Evaporation is a unit operation for concentrating solutions. Usually, solvents can evaporate, while most solutes have vapor pressures close to zero and cannot evaporate. Under boiling conditions, the solution removes some of the solvent by vaporization, and the process of concentration is called evaporation. In most cases, water vapor is used as the heating medium for the evaporator (usually called heating steam, primary steam, or fresh steam), which indirectly transfers heat to the solution through the metal wall. After being heated, the solvent boils and vaporizes, producing vapor (mostly water vapor), which is called secondary steam.
The material liquid enters the liquid distributor from the top. The liquid distributor distributes the material liquid evenly to each heating tube and makes it flow down the tube wall in a film shape. The liquid film evaporates and vaporizes under the heat transferred from the tube wall. When the heat transfer temperature difference is small, the vaporization occurs on the inner surface of the film, rather than at the interface between the heating tube and the liquid film (that is, the inner surface of the heating tube), making it less susceptible to scaling. The produced vapor usually flows down in parallel with the liquid film. Due to the large vaporization surface, the amount of liquid droplets carried in the steam is less, and the material liquid flows in a film shape on the tube wall, not filling the entire cross-section of the tube, so the amount of liquid passing through can be small.
The liquid distributor is a key component of the falling film evaporator, and the heat exchange intensity and production capacity of the falling film evaporator depend essentially on the uniformity of the liquid distribution along the heat exchange tubes. The so-called uniform distribution not only refers to the liquid being evenly distributed to each tube but also uniformly distributed along the entire circumference of each tube and maintained its uniformity throughout the length of the tube. When the liquid cannot wet the entire inner surface of the heating tube uniformly, the shortage or deficiency of the liquid surface may cause scaling due to evaporation. The scaling surface, in turn, hinders the flow of the liquid film, further deteriorating the heat transfer conditions in the adjacent area.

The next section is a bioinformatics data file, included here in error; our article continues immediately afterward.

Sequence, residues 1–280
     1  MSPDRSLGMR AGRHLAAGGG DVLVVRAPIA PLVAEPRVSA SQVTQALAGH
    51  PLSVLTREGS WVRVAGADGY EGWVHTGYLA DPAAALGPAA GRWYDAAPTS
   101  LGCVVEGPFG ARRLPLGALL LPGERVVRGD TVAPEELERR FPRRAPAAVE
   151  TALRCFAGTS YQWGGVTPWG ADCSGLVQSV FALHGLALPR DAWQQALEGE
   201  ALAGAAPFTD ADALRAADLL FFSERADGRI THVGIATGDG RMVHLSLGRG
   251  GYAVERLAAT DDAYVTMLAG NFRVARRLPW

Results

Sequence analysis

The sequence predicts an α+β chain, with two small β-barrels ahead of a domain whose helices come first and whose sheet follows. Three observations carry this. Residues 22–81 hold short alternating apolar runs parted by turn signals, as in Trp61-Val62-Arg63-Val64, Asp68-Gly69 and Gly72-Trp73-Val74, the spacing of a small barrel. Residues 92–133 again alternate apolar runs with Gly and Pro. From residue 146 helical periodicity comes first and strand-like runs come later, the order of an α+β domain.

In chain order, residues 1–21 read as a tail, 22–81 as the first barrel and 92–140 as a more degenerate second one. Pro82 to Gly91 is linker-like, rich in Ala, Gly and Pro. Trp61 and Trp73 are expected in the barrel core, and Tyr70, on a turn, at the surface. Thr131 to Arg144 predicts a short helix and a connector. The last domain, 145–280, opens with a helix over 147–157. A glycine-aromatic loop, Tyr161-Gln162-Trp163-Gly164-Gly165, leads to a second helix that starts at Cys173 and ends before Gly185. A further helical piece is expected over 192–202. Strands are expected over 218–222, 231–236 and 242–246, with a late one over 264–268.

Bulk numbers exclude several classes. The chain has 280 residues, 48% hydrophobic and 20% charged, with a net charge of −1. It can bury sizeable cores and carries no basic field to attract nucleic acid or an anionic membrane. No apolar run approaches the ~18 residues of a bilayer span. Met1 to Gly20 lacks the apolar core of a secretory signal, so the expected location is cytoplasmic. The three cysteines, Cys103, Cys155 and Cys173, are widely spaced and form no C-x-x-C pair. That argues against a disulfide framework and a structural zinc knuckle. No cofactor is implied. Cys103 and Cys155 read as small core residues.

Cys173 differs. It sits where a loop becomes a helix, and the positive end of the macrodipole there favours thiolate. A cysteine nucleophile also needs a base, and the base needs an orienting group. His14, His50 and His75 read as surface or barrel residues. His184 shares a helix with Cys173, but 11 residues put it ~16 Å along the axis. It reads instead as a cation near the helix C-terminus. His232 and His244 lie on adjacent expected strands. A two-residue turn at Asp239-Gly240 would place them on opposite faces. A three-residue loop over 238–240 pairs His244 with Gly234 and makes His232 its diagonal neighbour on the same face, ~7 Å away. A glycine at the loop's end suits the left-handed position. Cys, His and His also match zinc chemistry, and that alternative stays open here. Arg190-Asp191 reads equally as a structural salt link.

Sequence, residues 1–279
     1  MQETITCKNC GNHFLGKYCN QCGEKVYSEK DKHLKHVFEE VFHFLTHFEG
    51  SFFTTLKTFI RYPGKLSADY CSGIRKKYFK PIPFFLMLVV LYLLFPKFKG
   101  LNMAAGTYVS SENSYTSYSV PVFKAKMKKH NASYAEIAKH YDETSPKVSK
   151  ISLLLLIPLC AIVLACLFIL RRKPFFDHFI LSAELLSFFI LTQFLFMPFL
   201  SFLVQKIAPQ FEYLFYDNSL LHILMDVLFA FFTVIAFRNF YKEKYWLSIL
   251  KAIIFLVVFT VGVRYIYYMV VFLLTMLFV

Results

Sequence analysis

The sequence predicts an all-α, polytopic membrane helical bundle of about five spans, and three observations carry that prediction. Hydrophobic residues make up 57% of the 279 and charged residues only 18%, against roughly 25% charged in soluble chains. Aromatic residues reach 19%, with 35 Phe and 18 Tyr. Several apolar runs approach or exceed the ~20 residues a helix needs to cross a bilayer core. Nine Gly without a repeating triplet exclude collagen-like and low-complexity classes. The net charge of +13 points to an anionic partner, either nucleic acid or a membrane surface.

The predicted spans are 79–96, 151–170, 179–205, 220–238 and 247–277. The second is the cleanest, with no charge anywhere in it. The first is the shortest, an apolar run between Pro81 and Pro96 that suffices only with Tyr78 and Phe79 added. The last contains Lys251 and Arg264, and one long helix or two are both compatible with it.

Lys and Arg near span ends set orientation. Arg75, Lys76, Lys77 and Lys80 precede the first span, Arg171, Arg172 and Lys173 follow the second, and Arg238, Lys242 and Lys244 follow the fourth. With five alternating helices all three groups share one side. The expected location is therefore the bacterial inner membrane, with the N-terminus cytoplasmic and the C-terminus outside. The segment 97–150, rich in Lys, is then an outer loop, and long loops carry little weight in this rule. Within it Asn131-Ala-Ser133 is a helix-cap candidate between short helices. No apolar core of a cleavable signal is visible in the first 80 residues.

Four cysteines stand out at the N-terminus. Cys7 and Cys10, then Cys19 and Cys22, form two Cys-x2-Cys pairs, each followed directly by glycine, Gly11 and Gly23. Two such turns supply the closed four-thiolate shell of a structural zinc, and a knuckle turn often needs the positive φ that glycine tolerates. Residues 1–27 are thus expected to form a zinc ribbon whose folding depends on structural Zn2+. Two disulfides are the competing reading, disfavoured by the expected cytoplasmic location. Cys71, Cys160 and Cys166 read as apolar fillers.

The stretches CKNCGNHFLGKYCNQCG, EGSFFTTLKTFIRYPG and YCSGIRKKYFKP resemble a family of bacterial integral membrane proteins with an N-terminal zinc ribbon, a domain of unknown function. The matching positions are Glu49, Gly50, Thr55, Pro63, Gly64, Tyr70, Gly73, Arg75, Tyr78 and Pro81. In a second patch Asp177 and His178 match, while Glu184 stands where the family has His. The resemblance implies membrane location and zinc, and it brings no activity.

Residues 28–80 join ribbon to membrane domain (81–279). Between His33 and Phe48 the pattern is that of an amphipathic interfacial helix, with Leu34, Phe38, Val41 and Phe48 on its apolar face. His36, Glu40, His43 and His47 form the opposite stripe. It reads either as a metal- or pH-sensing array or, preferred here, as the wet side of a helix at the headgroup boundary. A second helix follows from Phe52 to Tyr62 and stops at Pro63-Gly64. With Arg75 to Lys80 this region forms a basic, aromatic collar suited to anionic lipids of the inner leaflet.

The process flow of the falling film evaporator has four forms: concurrent (co-current) flow, countercurrent flow, mixed flow (cross-flow), and parallel flow:
The solution and steam flow in the same direction from the first effect to the last effect. The feed material is pumped into the first effect and automatically flows into the next effect based on the pressure difference between the effects. The material liquid is then pumped out from the last effect (usually operated under negative pressure). As the pressure of the last effect is low, the boiling point of the solution is also low. When the solution flows from the previous effect into the last effect, it will flash part of the water, and the resulting secondary vapor is also plentiful. As the concentration of the last effect is higher and the operating temperature is lower than in the first effect, the heat transfer coefficient of the first effect is generally much higher than that of the last effect. The co-current process is generally suitable for processing heat-sensitive materials at high concentrations.
The material is pumped from the last effect to the first effect in turn, and the liquid flows in the opposite direction of steam. It is generally suitable for processing solutions whose viscosity changes significantly with temperature and concentration, but not for processing heat-sensitive materials.
A combination of co-current and countercurrent flows, it has the advantages of both and avoids their disadvantages, but the operation is complex and requires a high degree of automatic control.
The feeds and complete liquids, and crystals precipitate in each effect, which can separate the crystals in time. Generally used for the evaporation of saturated solutions.